A previously undisclosed exchange of letters between President Bush and his top Iraq envoy L. Paul Bremer shows that Bush was told in advance of a plan to dismantle the Iraqi army.
Bush was quoted in a new book as saying American policy had been “to keep the army intact,” but that it “didn’t happen.”
But Bremer provided the letters to The New York Times on Monday after reading about that remark.
Bremer told the Times he released the letters to refute Bush’s suggestion that Bremer had acted to disband the army without the knowledge and approval of the White House.
“We must make it clear to everyone that we mean business: that Saddam and the Baathists are finished,” Bremer wrote in a letter drafted on May 20, 2003, and sent to the president on May 22. The letter mentioned plans to “dissolve Saddam’s military and intelligence structures.”
Bremer said he sent a draft of the proposed order to then Secretary of Defense Donald Rumsfeld and other top Pentagon officials on May 9. Bremer asserted that he received comments back from the joint chiefs that convinced him they understood the plan was to dismantle the Iraqi army.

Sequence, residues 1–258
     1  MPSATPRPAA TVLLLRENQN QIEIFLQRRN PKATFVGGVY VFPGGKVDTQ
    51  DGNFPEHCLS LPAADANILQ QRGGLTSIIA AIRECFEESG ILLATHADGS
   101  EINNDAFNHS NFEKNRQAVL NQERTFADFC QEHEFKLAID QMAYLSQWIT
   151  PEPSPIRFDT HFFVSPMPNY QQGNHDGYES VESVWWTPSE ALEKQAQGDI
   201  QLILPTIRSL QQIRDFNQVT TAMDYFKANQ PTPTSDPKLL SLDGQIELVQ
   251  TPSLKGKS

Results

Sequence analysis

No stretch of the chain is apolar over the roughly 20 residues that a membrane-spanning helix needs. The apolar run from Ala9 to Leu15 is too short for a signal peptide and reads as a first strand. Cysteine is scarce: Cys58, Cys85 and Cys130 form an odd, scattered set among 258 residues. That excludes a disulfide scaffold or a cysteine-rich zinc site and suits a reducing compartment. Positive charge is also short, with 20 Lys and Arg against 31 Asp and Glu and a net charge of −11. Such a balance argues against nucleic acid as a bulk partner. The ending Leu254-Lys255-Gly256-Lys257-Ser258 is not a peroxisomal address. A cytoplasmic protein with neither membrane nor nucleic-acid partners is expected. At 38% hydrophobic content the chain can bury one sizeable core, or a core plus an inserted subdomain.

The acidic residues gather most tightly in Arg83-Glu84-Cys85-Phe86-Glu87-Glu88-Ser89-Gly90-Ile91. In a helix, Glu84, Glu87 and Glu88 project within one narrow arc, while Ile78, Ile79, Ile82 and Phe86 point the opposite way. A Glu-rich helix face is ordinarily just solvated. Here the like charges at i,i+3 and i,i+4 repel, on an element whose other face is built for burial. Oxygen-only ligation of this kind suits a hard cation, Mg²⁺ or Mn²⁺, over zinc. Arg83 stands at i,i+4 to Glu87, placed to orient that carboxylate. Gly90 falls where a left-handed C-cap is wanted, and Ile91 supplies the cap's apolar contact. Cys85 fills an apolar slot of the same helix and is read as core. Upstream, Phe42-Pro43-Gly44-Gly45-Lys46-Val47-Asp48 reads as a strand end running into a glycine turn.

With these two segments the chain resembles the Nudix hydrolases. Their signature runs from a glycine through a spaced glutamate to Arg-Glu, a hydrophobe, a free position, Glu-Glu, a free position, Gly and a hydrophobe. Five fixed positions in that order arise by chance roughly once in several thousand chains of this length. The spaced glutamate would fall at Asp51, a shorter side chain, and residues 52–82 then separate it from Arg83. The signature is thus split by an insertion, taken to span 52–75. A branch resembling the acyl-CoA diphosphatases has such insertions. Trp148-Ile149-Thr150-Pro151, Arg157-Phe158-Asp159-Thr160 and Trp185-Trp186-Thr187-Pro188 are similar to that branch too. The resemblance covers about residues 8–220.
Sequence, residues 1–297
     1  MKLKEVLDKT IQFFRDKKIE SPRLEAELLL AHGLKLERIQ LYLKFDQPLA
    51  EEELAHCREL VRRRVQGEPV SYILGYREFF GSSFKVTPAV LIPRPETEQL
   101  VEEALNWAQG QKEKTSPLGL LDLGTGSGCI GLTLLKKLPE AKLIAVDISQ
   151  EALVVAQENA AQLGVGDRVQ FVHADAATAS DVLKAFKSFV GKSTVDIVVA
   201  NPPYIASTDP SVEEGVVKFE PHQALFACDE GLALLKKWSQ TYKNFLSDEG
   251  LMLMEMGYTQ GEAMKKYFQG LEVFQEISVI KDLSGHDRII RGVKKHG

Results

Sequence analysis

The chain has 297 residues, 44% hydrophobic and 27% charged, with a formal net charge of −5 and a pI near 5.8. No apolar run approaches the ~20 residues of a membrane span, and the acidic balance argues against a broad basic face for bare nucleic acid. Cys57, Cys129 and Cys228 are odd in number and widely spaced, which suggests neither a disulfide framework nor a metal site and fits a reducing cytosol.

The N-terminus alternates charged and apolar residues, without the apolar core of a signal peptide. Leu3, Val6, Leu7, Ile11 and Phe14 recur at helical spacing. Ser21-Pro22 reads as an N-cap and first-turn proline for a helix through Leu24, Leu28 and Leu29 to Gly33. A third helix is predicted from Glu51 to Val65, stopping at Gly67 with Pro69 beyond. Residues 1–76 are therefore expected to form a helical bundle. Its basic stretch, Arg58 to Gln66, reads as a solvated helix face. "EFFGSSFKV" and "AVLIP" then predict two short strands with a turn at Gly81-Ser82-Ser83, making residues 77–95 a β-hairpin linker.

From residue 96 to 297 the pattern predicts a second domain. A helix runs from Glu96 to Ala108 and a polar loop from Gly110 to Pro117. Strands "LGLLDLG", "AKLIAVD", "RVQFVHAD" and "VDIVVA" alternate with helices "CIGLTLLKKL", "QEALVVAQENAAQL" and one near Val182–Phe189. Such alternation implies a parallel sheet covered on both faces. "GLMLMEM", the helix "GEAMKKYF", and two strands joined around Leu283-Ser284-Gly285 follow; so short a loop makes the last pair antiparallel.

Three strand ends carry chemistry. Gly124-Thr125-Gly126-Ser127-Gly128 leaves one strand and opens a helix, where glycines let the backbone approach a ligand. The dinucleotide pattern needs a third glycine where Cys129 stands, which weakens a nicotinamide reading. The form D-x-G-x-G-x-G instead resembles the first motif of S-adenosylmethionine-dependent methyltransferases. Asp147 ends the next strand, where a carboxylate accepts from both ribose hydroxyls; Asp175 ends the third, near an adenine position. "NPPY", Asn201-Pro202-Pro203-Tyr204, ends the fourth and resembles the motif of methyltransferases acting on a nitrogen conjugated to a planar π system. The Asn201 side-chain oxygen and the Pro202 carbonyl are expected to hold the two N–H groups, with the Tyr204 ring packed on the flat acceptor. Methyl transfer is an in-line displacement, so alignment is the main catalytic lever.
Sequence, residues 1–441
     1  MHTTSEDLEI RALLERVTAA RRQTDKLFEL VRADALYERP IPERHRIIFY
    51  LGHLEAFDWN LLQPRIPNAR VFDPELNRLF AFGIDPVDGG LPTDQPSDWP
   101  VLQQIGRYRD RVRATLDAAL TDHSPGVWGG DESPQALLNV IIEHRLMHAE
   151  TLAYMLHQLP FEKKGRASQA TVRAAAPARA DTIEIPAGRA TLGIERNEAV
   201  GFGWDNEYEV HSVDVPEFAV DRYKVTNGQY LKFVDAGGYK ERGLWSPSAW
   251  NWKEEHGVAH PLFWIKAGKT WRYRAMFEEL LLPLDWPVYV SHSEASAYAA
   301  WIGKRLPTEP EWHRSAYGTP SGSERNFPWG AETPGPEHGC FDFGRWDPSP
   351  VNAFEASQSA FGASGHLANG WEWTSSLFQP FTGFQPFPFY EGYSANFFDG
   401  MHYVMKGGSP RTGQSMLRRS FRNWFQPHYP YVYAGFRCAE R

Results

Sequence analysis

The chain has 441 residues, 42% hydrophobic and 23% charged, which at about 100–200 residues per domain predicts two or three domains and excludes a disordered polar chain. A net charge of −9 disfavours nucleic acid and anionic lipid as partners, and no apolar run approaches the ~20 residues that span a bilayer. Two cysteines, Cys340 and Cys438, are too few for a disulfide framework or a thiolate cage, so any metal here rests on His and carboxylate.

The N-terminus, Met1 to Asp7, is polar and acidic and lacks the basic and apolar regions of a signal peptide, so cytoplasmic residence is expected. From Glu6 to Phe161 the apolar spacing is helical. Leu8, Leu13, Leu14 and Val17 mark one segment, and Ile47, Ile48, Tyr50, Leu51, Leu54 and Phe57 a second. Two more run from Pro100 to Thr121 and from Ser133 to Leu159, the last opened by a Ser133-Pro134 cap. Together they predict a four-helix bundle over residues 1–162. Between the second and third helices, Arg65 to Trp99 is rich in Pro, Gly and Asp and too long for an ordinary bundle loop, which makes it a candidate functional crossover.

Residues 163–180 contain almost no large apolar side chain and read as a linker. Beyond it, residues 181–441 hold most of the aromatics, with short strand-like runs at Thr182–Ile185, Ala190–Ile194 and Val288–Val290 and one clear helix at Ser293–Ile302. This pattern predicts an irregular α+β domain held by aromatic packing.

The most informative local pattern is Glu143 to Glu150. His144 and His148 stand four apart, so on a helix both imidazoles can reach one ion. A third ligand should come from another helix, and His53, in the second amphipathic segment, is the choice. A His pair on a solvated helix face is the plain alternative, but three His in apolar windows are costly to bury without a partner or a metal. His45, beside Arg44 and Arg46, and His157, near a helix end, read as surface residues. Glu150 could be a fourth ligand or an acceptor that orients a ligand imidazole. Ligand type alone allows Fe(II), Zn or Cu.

One day after Bremer sent his letter to the President, Bush wrote back a short note of praise for Bremer’s work in Iraq, saying: “You have quickly made a positive and significant impact. You have my full support and confidence.”
A White House official told the Times that the original plan was to keep the army intact, but that proved unworkable.
The dismantling of the Iraqi Army is now generally considered a mistake that fomented discontent among former Iraqi soldiers and made it more difficult to battle insurgents, according to the Times.
But Bremer said: “The army had been the main instrument of repression under Saddam Hussein. I would go on to argue that it was the right decision. I’m not second-guessing it.”
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